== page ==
For a majority of the country, January and February are a rude awakening into winter’s wrath. With snow and ice piling up, you may be tempted to turn to harsh road salt and other chemicals to combat slippery surfaces.
You’re not alone—but before you head to the hardware store, consider these green alternatives (the Earth and your pets with thank you).
Before the freeze
There are a few steps you can take before a winter storm hits to help prepare roadways and surfaces.
Cover what you can.
Anything delicate should be brought indoors (or covered) before snow and ice falls. Lawn items like fire pits and furniture are better kept in the basement or garage, or protected with a plastic sheet.
Pre-treat your driveway or walkway.
Spraying your driveway and walkway with a non-salt based de-icer is a great way to be ahead of the game in preventing a slushy and slipper mess.
Some alternatives to road salt are expensive, so instead of shelling out a fortune, there are plenty of other all-natural options you likely already have on-hand.
Driveways and walkways
- Sand: While not the best at melting the snow, sand provides increased traction on surfaces, and can help your card from getting stuck in a snow pile.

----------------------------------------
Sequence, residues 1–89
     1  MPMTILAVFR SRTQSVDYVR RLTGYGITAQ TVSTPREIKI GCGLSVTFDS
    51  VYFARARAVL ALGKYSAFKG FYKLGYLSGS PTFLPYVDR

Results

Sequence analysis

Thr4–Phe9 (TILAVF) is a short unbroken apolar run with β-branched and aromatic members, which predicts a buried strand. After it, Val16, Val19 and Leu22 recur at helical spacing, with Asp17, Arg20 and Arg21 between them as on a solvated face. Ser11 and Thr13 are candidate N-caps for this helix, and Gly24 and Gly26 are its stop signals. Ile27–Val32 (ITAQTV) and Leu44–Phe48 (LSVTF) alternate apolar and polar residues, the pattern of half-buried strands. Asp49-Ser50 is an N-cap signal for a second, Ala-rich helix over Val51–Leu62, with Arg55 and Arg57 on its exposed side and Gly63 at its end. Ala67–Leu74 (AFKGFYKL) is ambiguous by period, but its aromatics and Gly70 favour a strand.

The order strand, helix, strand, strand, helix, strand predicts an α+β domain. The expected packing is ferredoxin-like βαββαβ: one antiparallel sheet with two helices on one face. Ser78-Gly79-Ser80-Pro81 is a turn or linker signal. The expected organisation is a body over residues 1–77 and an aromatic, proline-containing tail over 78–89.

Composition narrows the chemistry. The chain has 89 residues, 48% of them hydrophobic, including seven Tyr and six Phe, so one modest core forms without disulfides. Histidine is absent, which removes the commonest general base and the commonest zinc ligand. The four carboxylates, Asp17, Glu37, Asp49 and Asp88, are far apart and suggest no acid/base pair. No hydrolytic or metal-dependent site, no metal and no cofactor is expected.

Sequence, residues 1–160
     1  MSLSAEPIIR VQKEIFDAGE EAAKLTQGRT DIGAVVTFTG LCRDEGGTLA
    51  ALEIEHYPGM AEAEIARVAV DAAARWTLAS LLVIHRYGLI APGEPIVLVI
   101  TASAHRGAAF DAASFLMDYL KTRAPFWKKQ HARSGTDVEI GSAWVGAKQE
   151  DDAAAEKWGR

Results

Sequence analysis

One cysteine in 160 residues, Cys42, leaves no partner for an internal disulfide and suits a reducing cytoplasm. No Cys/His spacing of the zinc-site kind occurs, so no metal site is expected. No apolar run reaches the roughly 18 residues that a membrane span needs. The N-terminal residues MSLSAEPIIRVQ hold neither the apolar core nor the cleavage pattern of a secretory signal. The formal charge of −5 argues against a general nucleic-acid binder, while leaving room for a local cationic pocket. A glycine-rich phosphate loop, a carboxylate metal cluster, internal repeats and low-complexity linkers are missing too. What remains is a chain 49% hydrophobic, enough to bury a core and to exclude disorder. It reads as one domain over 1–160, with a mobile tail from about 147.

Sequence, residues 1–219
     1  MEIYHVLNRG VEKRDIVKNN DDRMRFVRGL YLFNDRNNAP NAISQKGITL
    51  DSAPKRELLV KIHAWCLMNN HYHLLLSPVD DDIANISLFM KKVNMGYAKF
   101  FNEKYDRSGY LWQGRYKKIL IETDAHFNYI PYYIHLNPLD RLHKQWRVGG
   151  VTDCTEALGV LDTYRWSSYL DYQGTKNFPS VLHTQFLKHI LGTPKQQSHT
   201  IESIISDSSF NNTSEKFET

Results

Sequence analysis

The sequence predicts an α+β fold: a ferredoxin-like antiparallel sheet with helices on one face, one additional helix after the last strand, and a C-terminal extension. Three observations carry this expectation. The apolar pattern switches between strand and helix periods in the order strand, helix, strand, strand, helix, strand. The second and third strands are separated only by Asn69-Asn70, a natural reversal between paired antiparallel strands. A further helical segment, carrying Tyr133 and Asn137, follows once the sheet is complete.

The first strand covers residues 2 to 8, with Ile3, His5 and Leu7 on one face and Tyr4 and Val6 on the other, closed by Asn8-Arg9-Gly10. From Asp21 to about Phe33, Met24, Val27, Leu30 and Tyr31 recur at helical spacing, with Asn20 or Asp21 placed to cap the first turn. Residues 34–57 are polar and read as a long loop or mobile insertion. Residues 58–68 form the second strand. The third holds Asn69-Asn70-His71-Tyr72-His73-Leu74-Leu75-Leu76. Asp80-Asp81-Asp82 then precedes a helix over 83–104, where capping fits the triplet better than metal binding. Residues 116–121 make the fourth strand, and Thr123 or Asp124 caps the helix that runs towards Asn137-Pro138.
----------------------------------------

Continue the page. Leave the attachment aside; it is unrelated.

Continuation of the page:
- Coffee grounds: Like sand, the grainy texture of coffee grounds works wonders at providing increased traction on surfaces. It also is slightly better at melting snow and ice because of its dark color (which attracts more sunlight).
- Sugar beet juice: The juice from sugar beets is an even better ice-melter than salt, and is much easier on plants and metal surfaces.
Windows and delicate surfaces
- Vinegar-water: Combine three parts white vinegar with one part water, and you have yourself the ultimate window de-icer. Spray on car windows if you’re in a hurry to defrost!
- Pickle brine: It might seem like this isn’t a very salt-free alternative, and you’re right. But when mixed with water, pickle juice has a similar effect as sugar beet juice, only with less staining power, and is still safe for plants and animals (and won’t corrode sensitive surfaces).
Where there’s a will, there’s a way, and there a plenty of people finding a way to remove snow and ice inventively without the use of harsh chemicals. What’s your favorite all-natural ice-melting method? Let us know!
For more green living tips, visit www.americanlifestylemag.com/culture.